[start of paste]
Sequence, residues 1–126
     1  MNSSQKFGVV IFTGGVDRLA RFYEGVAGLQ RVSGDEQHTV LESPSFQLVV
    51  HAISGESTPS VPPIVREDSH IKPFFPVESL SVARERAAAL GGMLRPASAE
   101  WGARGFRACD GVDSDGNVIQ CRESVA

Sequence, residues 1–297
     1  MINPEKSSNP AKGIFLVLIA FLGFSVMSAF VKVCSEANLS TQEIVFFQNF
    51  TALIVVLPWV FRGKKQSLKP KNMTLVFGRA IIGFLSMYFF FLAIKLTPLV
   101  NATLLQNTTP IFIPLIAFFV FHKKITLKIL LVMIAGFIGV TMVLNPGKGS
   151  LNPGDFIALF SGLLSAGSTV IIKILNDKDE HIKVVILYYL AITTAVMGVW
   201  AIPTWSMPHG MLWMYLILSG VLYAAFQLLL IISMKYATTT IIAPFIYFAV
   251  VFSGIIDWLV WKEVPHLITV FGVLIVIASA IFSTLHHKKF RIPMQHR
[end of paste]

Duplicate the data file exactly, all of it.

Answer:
Sequence, residues 1–126
     1  MNSSQKFGVV IFTGGVDRLA RFYEGVAGLQ RVSGDEQHTV LESPSFQLVV
    51  HAISGESTPS VPPIVREDSH IKPFFPVESL SVARERAAAL GGMLRPASAE
   101  WGARGFRACD GVDSDGNVIQ CRESVA

Sequence, residues 1–297
     1  MINPEKSSNP AKGIFLVLIA FLGFSVMSAF VKVCSEANLS TQEIVFFQNF
    51  TALIVVLPWV FRGKKQSLKP KNMTLVFGRA IIGFLSMYFF FLAIKLTPLV
   101  NATLLQNTTP IFIPLIAFFV FHKKITLKIL LVMIAGFIGV TMVLNPGKGS
   151  LNPGDFIALF SGLLSAGSTV IIKILNDKDE HIKVVILYYL AITTAVMGVW
   201  AIPTWSMPHG MLWMYLILSG VLYAAFQLLL IISMKYATTT IIAPFIYFAV
   251  VFSGIIDWLV WKEVPHLITV FGVLIVIASA IFSTLHHKKF RIPMQHR